It is often said that Formula One cars are works of art, with lines and curves that flow like the wind. The creation of such art requires not only a dab hand but also a vast IT back end, something with which today's F1 teams are constantly playing catch-up.
As the hunger for data ramps up, the Formula One racing teams have a choice: run more efficiently or overhaul their systems. And that's a significant undertaking.
At the factory
This year, the Oxfordshire-based Lotus F1 Team decided to tackle the problem head on and made the decision to refit most of their IT infrastructure in the middle of the season. Graeme Hackland, Lotus' IT director (pictured left), told V3 that it was becoming a necessity. "At the factory we don't have the capacity we need for the next couple of years. The data is growing by a huge amount due to the new regulations," he said.
Indeed, as the calendar pages are turned ever closer towards 2014, the problem of IT infrastructure is only looming larger for top-level teams. Next year, Formula One undergoes its biggest ever rule change with electrical energy playing a much greater role in the amount of power the engines produce.
Not only is designing a car for next year an enormous task, Lotus is a front-running team in the 2013 championship, so downing tools for an IT refit is a big decision. "It's not like we can say we can forget about this year," said Hackland, acknowledging that the development phase of a car can't end while it is winning races.
The Lotus team aren't strangers to winning in the face of rule changes: they took back-to-back championships with Fernando Alonso in 2005 and 2006 after a new set of regulations were enforced. Preparation is key. As such, ahead of the latest reshuffle, the team have signed deals with EMC, Juniper Networks and Avanade, the latter of which has handed over 20 employees to work in Lotus' Enstone factory with the team's other IT staffers.
These staff will be crucial as Lotus has an impressive IT estate to its name. Most notable is its supercomputer, built in partnership with Boeing, which is used for simulating the 420 new aerodynamic parts that are designed every day using computational fluid dynamics (CFD) software. This machine, which runs at 32.5 teraflops, is limited in power because of regulations relating to aerodynamic research. Without these, it could run at 45 teraflops.
On the track
The need for such power is underlined by the data being processed. A Formula One car produces 15MB of telemetry data per lap, producing over 1,000 data points, which include everything from tyre pressure and exhaust temperature to pedal positioning and steering angle.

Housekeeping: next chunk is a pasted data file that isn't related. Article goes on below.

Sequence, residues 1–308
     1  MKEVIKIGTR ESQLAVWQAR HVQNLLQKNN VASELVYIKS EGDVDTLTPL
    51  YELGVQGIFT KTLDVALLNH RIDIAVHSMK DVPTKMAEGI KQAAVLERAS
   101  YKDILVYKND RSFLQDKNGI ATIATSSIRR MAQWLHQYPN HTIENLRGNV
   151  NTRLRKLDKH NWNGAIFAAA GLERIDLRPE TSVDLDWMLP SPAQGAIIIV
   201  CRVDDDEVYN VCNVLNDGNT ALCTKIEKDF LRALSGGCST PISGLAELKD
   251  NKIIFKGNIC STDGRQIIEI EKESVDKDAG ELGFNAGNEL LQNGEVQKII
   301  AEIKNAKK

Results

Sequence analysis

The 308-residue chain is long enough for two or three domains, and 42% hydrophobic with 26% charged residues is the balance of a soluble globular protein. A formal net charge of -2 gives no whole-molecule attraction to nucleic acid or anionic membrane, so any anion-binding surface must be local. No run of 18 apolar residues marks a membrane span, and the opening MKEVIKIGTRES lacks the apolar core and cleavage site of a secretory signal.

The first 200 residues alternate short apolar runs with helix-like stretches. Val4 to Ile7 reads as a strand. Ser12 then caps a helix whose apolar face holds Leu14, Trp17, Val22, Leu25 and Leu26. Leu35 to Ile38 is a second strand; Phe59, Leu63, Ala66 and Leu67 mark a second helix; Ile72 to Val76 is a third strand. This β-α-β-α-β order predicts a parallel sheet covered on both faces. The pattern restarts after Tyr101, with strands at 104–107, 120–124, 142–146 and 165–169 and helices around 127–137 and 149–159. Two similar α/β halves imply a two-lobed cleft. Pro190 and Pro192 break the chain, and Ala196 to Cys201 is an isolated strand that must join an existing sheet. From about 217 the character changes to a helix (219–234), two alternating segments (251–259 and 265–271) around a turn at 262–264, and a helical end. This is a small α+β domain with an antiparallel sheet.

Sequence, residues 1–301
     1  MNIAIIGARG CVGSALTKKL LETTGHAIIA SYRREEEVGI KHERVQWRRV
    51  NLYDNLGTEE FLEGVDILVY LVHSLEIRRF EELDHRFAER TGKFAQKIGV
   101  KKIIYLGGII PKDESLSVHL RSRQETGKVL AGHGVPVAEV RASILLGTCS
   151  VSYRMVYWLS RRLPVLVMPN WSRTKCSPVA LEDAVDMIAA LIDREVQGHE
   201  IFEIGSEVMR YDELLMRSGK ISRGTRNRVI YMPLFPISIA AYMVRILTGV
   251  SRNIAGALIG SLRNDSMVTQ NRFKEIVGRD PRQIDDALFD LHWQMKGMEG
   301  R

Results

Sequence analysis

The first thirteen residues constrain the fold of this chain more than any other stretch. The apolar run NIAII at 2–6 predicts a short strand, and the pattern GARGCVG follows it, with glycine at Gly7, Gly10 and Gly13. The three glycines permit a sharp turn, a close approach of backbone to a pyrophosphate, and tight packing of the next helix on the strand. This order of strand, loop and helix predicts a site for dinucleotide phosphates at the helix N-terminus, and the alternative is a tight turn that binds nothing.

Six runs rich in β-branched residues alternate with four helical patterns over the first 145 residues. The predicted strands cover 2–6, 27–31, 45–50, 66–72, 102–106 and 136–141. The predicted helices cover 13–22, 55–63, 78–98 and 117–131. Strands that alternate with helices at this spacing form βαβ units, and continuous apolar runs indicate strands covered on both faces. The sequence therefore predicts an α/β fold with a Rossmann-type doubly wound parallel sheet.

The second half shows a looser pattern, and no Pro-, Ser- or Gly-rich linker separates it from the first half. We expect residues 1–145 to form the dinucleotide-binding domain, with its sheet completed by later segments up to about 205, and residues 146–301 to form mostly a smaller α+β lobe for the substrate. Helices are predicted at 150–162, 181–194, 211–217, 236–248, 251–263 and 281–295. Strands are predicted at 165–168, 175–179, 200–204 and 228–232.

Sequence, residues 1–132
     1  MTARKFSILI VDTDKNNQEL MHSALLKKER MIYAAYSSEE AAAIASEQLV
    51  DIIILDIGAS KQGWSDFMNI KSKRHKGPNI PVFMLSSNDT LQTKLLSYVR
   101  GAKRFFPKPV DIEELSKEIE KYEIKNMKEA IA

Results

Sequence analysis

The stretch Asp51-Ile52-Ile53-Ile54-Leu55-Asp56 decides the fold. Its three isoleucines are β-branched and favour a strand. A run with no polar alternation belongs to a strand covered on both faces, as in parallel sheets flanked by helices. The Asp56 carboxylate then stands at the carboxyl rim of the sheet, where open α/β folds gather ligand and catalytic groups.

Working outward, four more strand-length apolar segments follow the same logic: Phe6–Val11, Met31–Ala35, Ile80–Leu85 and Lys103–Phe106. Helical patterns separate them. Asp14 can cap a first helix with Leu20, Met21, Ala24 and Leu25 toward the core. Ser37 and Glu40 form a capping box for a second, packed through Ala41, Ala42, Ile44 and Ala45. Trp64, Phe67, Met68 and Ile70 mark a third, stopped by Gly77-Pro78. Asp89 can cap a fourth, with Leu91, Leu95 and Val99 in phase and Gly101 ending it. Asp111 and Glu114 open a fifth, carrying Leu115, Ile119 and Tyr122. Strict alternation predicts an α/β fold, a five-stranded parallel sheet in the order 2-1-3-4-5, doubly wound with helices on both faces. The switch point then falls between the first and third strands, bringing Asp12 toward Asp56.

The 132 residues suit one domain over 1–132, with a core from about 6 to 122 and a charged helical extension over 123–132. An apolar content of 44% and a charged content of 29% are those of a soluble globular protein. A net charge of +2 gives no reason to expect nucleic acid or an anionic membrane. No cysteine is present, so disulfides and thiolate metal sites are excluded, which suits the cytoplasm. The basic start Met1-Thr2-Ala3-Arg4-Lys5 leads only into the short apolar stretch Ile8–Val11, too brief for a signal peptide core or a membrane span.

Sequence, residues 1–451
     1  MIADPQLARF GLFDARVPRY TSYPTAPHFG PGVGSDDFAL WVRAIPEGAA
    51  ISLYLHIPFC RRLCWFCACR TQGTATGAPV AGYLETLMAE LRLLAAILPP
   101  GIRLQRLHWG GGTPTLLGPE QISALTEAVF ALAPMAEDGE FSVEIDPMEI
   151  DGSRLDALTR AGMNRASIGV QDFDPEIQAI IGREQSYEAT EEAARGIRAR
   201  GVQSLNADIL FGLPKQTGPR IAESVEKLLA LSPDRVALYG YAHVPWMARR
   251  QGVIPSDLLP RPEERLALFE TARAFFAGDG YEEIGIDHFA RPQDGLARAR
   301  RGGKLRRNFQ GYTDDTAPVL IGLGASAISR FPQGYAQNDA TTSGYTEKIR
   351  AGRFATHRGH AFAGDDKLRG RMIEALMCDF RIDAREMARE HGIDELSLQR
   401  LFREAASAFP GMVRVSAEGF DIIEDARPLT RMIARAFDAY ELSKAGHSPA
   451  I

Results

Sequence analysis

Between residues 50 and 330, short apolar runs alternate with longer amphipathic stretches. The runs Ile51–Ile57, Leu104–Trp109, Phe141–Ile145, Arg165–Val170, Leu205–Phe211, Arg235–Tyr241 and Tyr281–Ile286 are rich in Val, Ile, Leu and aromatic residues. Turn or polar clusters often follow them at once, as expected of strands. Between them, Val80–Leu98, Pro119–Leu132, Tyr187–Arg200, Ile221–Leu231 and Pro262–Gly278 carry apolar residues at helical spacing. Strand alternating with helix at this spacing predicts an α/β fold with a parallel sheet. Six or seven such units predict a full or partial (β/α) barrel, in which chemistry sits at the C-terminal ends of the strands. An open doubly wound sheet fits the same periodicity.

During a full weekend's practice, qualifying and race sessions, the pair of Lotus cars will produce 50GB of data. But engineers still want more.
On a visit to the team's garage at the British Grand Prix, Lotus' senior performance engineer Rod Nelson told V3 he isn't worried about data overload, despite the amount of data needed to understand what a car is doing. "We try to keep a lid on it," he said. "There's a hell of a lot of data, and we try to keep the good stuff and throw away the chaff."
As well as sending data from the car to the pit wall, all cars are fitted with a specification data logger, which only allows 1GB of storage. This can be a worry for the teams, especially in 2014. "Next year the new engines will be getting into energy recovery analysis and optimisation, and that will eat up the data budget like you wouldn't believe," he said.
The race itself is a computational feat for the team, with their dedicated strategy computing software – developed by Avanade – performing several thousands of whole-race simulations per lap for each car. The software uses GPS data along with lap time and telemetry data, to work out every possible permutation of what could possibly happen with every car on the circuit.
The IT staff who develop and keep an eye on the software also find themselves in the centre of the F1 team's tactics and planning, said Nelson: "We've taken the strategy team and plonked it in the middle of the engineers so we're getting that face-to-face stuff going on. That's improved the rate of addressing bugs and adding new features."
Of course, use of this data ultimately rests with one person – the driver. Any race engineer will tell you that the best drivers will absorb all the data they can.
Nelson recalls Williams F1 Team's CTO Pat Symonds perfectly summarising what the modern Formula 1 driver has become: "He said, ‘Bloody hell Rod, it's so different these days. I used to be able to have dinner with the drivers on Friday night!'" Nowadays drivers spend evenings mulling over graphs and spreadsheets to inform their race preparation.
This is both a blessing and a curse for drivers. While they have all‑you-can-eat data to find out what they are doing right and wrong, so do the team. And they can tell when a mistake has been made, which leaves nowhere to hide. "If the driver makes a bad start we know within a tenth of a second that it's happened," said Nelson. But the data, while heavily relied upon, must be augmented by driver feedback.
This is the case, for example, when designing a new front wing. "It might work through some corners but be a real basket case through others," explained Nelson. "We run a lot of computer simulations through CFD but if there's not an absolute change, it'll often be down to feel."
Feel will be the overriding factor in deciding whether several thousand pounds worth of carbon fibre goes in the bin, no matter how clever the computer thinks it is.
Lotus hopes its IT updates will put it ahead of the competition in due course. But the proof of whether it was worth all the effort will only come as its car starts up in Melbourne, Australia, in March at the start of the next Grand Prix season.
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